Eastman's Gordon Roberts assured me their craftsmen are indeed very well-off by Chinese standards, and you've got to appreciate excellence wherever you find it these days. Some American archtop builders are so back-ordered that customers pay thousands extra just for a better place in line, so I'm guessing the market can bear some competition.
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The Eastmans aside, even for an utter guitar whore such as myself, the eyes glazed over after seeing the show's 2,007th Stratocaster knockoff (even Fender, which introduced the OC-bred Strat a half-century ago, makes more than 80 niggling variations now, including ones where, for extra bucks, they'll pre-distress it with scrapes, cigarette burns and such. It's like having a dominatrix for your guitar).
The industry continues coming up with new standards of excellence, such as THD's Univalve and BiValve amps, and there are still innovations. Line 6, for example, makes a digital modeling guitar that pretty ably apes the sound of many popular guitars, and OC's Lace company makes models on which the necks have a weird ergonomic twist. But, otherwise, Jesus, give the guitar-wanking a break and bring back the trombone or something.
Hey, there's dapper Gram Nash of Hollies/CSN/etc. fame at NAMM for the unveiling of his signature model Martin guitar! Gram, do you suppose war with Iraq will be good for the music business, aside from faux buglers?
"I don't think war is good for any business except the people who create the wars to make money: the energy companies and military industrial complex," he says. "Those are the only people who benefit. Most Americans, unfortunately, are snowed by the war rhetoric, but I think it's a drastic, drastic mistake."
And what about the death of the music industry predicted by many sources, such as the current Wired magazine?
"The record companies are upset just because technology's doing what it's always done—changing, as it always will," says Nash. "Obviously the industry is in a giant tailspin now, trying to figure how to make money from all the downloading going on. But who are they to complain? In very few cases have they ever taken the cause of the artist to heart. So it'll be interesting to see what emerges from this change."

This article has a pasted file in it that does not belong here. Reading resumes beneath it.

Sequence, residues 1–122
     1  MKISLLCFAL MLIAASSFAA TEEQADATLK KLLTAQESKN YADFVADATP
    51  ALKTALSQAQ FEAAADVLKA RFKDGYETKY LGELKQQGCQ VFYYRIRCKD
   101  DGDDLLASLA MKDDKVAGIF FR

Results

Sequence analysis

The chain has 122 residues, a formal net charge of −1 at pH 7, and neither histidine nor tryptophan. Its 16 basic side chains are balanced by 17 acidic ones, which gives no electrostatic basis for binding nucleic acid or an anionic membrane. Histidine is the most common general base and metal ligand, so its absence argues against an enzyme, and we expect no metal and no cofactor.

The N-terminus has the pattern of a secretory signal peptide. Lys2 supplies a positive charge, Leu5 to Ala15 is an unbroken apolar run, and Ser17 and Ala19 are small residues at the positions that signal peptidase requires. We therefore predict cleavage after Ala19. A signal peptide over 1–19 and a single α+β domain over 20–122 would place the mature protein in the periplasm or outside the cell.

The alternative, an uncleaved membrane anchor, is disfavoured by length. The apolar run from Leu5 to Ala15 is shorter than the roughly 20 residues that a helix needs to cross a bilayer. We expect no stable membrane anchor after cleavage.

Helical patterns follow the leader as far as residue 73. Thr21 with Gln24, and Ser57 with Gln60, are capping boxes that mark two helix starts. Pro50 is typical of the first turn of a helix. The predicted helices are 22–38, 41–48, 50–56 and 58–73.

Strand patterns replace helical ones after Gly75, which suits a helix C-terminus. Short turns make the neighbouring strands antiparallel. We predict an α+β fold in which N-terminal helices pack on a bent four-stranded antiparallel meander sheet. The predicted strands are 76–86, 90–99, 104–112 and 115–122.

Though Nash has been making music since the days when transistor radios were cutting-edge technology, he has kept up on advances. That includes traveling with a 198-track computer recording studio.
And that's where the real excitement has been at NAMM for years now. While lacking the phallic fun of guitars, PC-based recording systems have become the most empowering musical tool in decades. For less than a good guitar costs, there's software (from Cakewalk, Steinberg, Digidesign and others) that gives you recording capabilities equal to most recording studios. Spend a couple of grand more on a CD duplicator from a company like Disc Makers, learn Internet marketing skills, and you can be your own record company without the "company store" practices that keep musicians broke.
While programs make your computer more like a studio's mixing board, companies such as Roland approach things the other way, making hard-drive-endowed mixing boards and keyboard synths more like computers. Built-in CD burners let you go from initial idea to fully mastered product on the same machine.
There's no Astroturf or go-go girls at these booths—just sleek rows of Apple flat-screen monitors or drab synths unfortunately dubbed "workstations." No wonder they don't get the respect they deserve. Like the digital marvels in films post-Terminator II, people take for granted technological achievements that were unthinkable two decades ago. In 1983, the sampling capabilities of the Kurzweil 250 were considered miraculous. It weighed 95 pounds, cost $20,000, and is utterly eclipsed these days by inexpensive programs you can load onto your home PC. Ho-hum.
As someone pointed out back then, Stevie Wonder (who was strolling last weekend's show as well) sounded great playing a Kurzweil, but he sounded just as great playing an $8 harmonica.
There was so much other fun at NAMM: hemp-coned speakers, wild effects boxes, high-tech earplugs to keep the other products you were buying from driving you deaf. Nearly every seller I spoke with at the packed show reported brisk business. Is the economy on the rebound or just taking a last gasp? If Armageddon is looming, will your home computer play "Taps" for you? Will I have saved up for my Chinese archtop by then?